Memory and the Medieval Tomb

Overview

Reverent Memorial for the dead was the inspiration for the production of a significant category of artworks during the Middle Ages, artworks aimed as much at the laity as at the clergy, and intended to maintain, symbolically, the presence of the dead. Memoria, the term that describes the formal, liturgical memory of the dead, also includes artworks intended to house and honor the deceased. This volume explores the ways in which medieval Christians sought to memorialize the deceased; with tombs, cenotaphs,altars ...
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Overview

Reverent Memorial for the dead was the inspiration for the production of a significant category of artworks during the Middle Ages, artworks aimed as much at the laity as at the clergy, and intended to maintain, symbolically, the presence of the dead. Memoria, the term that describes the formal, liturgical memory of the dead, also includes artworks intended to house and honor the deceased. This volume explores the ways in which medieval Christians sought to memorialize the deceased; with tombs, cenotaphs,altars and other furnishings connected to a real or symbolic burial site. A dozen essays analyze strategies for commemoration from the 4th to the 15th century: the means by which human memory could be activated or manipulated through the interaction between monuments, their setting, and the visitor.

Building upon, but different from, the growing body of literature on memory in the Middle Ages, the collection focuses on the tomb monument and its context as a complex to define what is to be remembered, to fix memory , and to facilitate recollection. Remembering depended upon the emotionally charged interaction between the visitor, the funerary monument, strategically placed images or inscriptions, the liturgy and its participants. Commemorative artworks may consolidate social bonds as well as individual memory, as put forth in this volume. Parallels are drawn between mnemonic devices utilized in the Middle Ages, the design of monuments and contemporary scientific research in cognitive neuropsychology.

The papers were originally presented at the 1994 meetings of the College Art Association; and the International Congresses of Medieval Studies at Western Michigan University, Kalamazoo, and the University of Leeds, England, in 1995.

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Editorial Reviews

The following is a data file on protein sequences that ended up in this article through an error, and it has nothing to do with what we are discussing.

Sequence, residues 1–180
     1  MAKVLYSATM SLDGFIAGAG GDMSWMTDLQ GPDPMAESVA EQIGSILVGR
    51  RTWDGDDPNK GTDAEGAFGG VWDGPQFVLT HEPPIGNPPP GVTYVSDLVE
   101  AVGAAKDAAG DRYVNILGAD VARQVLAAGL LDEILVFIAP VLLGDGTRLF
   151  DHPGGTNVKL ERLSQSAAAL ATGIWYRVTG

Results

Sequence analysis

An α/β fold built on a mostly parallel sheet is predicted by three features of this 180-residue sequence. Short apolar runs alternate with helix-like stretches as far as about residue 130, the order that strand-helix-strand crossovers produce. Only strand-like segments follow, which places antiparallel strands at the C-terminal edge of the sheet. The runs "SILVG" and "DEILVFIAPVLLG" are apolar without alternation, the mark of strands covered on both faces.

Booknews
Twelve art historians explore the ways medieval Christians sought to memorialize the deceased: with tombs, cenotaphs, altars, and other mnemonic furnishings connected to real or symbolic burial sites. Essays analyze strategies for commemoration from the fourth to the 15th century, focusing on the means by which memory can be activated or manipulated through interaction between monuments, settings, and visitors. Sites discussed include Donatello's Pecci Tomb in Siena Cathedral, the chapel of Alvaro de Luna, the Via Latina catacombs, and the Heribert Shrine. Many good-quality b&w reproductions give a fuller picture of the different means by which the dead live on. Annotation c. Book News, Inc., Portland, OR (booknews.com)
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Product Details

  • ISBN-13: 9780754600763
  • Publisher: Ashgate Publishing, Limited
  • Publication date: 5/1/2000
  • Pages: 317
  • Product dimensions: 6.46 (w) x 9.49 (h) x 1.06 (d)

Table of Contents

The editors
List of contributors
List of figures
List of abbreviations
Acknowledgments
Introduction 1
I The tomb: between the living and the dead 17
1 Souvenir, synaesthesia, and the sepulcrum Domini: sensory stimuli as memory stratagems 19
2 Lament for a lost Queen: the sarcophagus of Dona Blanca in Najera 43
3 The tomb as prompter for the chantry: four examples from Late Medieval England 81
4 Activating the effigy: Donatello's Pecci Tomb in Siena Cathedral 99
5 Commemorating a real bastard: the chapel of Alvaro de Luna 129
II Shaping communal memory 155
6 The font is a kind of grave: remembrance in the Via Latina catacombs 157
7 Memory and the social landscape in eleventh-century Upplandic commemorative practice 183
8 Stolen property: St. Mark's first Venetian tomb and the politics of communal memory 205
9 Dream images, memoria, and the Heribert Shrine 227
10 The Queen's body and institutional memory: the tomb of Adelaide of Maurienne 249
11 Monumenta et memoriae: the thirteenth-century episcopal pantheon of Leon Cathedral 269
Index 301
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